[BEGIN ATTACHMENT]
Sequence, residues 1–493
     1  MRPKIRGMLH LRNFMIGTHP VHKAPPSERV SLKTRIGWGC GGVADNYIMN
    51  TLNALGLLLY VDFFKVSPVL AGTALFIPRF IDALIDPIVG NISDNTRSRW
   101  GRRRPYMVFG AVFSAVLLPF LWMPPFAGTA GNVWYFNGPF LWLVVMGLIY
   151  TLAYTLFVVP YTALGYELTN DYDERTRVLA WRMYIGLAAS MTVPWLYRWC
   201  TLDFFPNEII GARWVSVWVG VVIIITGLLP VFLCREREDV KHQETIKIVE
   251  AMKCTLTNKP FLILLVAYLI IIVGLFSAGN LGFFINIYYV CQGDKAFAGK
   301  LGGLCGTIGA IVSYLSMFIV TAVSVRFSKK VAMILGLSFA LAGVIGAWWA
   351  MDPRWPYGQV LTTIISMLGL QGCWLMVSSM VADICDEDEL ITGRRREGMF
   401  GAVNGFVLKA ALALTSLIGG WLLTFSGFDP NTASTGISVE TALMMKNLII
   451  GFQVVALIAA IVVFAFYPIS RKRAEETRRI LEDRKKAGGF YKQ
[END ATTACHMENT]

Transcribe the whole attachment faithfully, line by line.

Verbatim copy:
Sequence, residues 1–493
     1  MRPKIRGMLH LRNFMIGTHP VHKAPPSERV SLKTRIGWGC GGVADNYIMN
    51  TLNALGLLLY VDFFKVSPVL AGTALFIPRF IDALIDPIVG NISDNTRSRW
   101  GRRRPYMVFG AVFSAVLLPF LWMPPFAGTA GNVWYFNGPF LWLVVMGLIY
   151  TLAYTLFVVP YTALGYELTN DYDERTRVLA WRMYIGLAAS MTVPWLYRWC
   201  TLDFFPNEII GARWVSVWVG VVIIITGLLP VFLCREREDV KHQETIKIVE
   251  AMKCTLTNKP FLILLVAYLI IIVGLFSAGN LGFFINIYYV CQGDKAFAGK
   301  LGGLCGTIGA IVSYLSMFIV TAVSVRFSKK VAMILGLSFA LAGVIGAWWA
   351  MDPRWPYGQV LTTIISMLGL QGCWLMVSSM VADICDEDEL ITGRRREGMF
   401  GAVNGFVLKA ALALTSLIGG WLLTFSGFDP NTASTGISVE TALMMKNLII
   451  GFQVVALIAA IVVFAFYPIS RKRAEETRRI LEDRKKAGGF YKQ